Drive systems of the model railway
The drives of the model railways have changed a lot since their first rounds on oval tracks and have always been based on the latest technology. The drive and the options for controlling the model are often technically dependent on one another.
These models are simply pushed over the tracks by hand. The best-known example is the wooden track , which was developed by the manufacturer Brio . The very first locomotives in nominal size N were also such motorless rolling models.
Early on, the models for the toy market were driven by a wind-up clockwork , i.e. a tensioned spring . This made it difficult to control them from the outside, but the models were built robustly so that they could withstand the switches being gripped at full speed. There were also slow-travel and stop tracks that took control of the locomotive and could safely stop it. Such a clockwork-driven railway system, the Billerbahn , was built and sold in Germany until the 1970s.
When the prototype also ran on steam, models powered by steam were also built. Here, real firing (gas, alcohol, Esbit, but also coal) converts water into steam and thus drives one or more cylinders. Historical specimens are now collector's items; In the larger scales ( nominal sizes 1 and 2 ) there is again a noteworthy range of finished locomotives and kits with steam operation. Even in size H0 , live steam models are occasionally built in series; However, the very filigree models are designed more for the showcase than for everyday use. The annual real steam meeting in the Auto- und Technikmuseum Sinsheim offers an overview of the scene .
Petrol and diesel
Powerful combustion engines have been developed for model aircraft and cars, so that there have also been attempts to make them usable for model locomotives . Mostly, based on the diesel-electric model, the engine drives a generator, which then supplies the electricity to operate an electric motor. In analogy to real steam, this type of drive is referred to as real diesel , even if diesel is not used as fuel.
The electric drive is by far the most frequently used technology today. At the time of its creation, running a model railway with batteries or accumulators built into the locomotives was out of the question for reasons of space. So the method known today of the electric drive with a power supply through the running rails developed immediately, which at the same time allows a developed control of the models.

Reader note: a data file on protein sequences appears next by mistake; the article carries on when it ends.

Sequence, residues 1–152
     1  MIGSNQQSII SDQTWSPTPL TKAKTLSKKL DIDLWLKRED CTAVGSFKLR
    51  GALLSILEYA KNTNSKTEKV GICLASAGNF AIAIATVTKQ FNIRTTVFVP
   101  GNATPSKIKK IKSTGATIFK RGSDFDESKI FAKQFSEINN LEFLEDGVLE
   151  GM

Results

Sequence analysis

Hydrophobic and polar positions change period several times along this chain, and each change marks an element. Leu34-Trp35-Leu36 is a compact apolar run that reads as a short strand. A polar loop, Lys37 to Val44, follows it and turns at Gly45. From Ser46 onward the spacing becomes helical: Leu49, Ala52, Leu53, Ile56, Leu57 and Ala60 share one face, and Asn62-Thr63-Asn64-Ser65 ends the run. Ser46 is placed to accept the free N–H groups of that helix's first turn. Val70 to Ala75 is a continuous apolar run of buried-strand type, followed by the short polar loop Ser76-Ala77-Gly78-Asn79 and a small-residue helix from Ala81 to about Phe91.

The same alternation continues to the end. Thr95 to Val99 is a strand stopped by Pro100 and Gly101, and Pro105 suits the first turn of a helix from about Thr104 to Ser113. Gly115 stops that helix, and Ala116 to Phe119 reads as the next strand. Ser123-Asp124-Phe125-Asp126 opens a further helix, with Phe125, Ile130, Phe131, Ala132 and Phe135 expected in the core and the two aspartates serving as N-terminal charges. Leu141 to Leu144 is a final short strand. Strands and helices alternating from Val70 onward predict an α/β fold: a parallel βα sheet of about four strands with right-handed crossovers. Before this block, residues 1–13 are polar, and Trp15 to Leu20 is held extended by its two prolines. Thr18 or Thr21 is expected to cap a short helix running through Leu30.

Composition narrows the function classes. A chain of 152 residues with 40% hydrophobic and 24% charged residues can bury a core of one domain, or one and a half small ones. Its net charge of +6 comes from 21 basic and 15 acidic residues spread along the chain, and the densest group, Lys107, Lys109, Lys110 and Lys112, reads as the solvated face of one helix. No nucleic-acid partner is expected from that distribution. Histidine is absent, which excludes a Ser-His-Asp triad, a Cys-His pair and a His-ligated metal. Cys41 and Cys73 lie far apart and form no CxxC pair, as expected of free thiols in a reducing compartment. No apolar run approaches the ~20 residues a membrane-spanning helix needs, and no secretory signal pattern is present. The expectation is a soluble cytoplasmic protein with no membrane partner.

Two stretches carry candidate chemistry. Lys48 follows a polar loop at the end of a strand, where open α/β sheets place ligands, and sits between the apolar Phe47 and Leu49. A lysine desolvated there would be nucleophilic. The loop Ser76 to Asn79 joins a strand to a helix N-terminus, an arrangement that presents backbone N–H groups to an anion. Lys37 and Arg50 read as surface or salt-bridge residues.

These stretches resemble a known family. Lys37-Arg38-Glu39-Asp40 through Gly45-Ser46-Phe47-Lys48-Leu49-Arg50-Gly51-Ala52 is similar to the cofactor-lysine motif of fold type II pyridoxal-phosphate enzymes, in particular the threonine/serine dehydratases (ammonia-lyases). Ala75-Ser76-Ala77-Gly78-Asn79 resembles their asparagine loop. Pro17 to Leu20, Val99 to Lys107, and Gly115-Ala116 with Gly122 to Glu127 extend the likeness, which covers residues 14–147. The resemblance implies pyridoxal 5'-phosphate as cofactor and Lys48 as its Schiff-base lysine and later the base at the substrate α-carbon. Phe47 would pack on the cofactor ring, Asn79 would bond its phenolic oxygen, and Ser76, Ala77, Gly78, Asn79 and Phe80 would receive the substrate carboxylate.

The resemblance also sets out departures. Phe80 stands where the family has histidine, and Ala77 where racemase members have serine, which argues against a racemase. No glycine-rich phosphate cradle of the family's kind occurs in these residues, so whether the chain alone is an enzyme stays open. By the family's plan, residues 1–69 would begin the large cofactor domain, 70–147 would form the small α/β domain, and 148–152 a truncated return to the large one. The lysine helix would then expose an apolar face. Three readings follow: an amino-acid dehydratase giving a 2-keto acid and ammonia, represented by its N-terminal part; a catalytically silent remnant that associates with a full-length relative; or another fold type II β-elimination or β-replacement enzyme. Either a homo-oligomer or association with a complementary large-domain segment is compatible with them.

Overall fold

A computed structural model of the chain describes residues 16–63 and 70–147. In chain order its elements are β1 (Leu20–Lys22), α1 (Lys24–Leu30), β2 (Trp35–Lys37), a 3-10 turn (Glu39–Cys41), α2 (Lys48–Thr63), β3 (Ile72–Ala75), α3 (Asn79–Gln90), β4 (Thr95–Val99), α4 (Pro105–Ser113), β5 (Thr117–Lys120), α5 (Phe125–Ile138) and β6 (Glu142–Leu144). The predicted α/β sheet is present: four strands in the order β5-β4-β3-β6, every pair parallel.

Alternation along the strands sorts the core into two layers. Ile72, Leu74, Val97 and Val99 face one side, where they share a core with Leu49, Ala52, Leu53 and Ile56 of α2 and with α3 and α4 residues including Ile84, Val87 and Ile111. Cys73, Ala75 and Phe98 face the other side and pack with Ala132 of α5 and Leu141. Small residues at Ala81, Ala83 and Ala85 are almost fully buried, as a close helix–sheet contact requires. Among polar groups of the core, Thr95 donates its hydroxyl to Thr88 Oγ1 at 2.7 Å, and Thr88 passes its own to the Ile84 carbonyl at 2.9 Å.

At the beginning the locomotives were operated with alternating current and corresponding all-current motors were used; It was only after the Second World War that direct current caught on. In the H0 size, which is the most widespread in Germany, both types of current are still used today.
The electric motor is basically the most important design problem of a model railway locomotive, as it has to be powerful, easy to control and at the same time as small as possible. For many years, the engines used by the large companies have remained the same, even for the most varied types of locomotives. For example, until the early 1970s, Märklin used a three-pole motor with a spur gear, which is generally referred to as a disc collector motor because of its design . In the mid-1970s to around the end of the 1990s, it was replaced by the so-called drum collector motor , for which there was also a special form with a five-pole armature for digital models (the so-called high - performance motor ).
Other companies began in the 1960s to install the engine in the tender instead of the locomotive itself, due to lack of space . Where this was not possible, the three-pole so-called round motor was used, which was replaced in the mid-1990s by a central motor with a flywheel and worm drive.
→ Main article: H0 gauge track systems
Two separate conductors are generally required for power supply; Since the rails of the existing tracks were electrically connected at the time when the first serial model railways were built, a third ladder was added in the middle. This approach and the use of alternating current have been preserved in H0 gauge to this day ( central conductor alternating current system ), as they are further promoted by the largest manufacturer, Märklin, for reasons of compatibility. An alternative technique separates the two running rails electrically and uses them for the two poles of the power supply; In most cases, direct voltage is used here ( two-wire direct current system ). Technically, any combination of two or three conductors on the one hand and alternating or direct current on the other hand is possible and has been used; In track 0 and H0, however, the two combinations described are generally used today. The two-rail direct current system has largely established itself in all other sizes.
Model railroaders who tend to build their own locomotives often use less common scales and unusual technical solutions; if the scale is large enough (from about 1:32), accumulator-powered locomotives that are controlled by radio remote control are used again and again .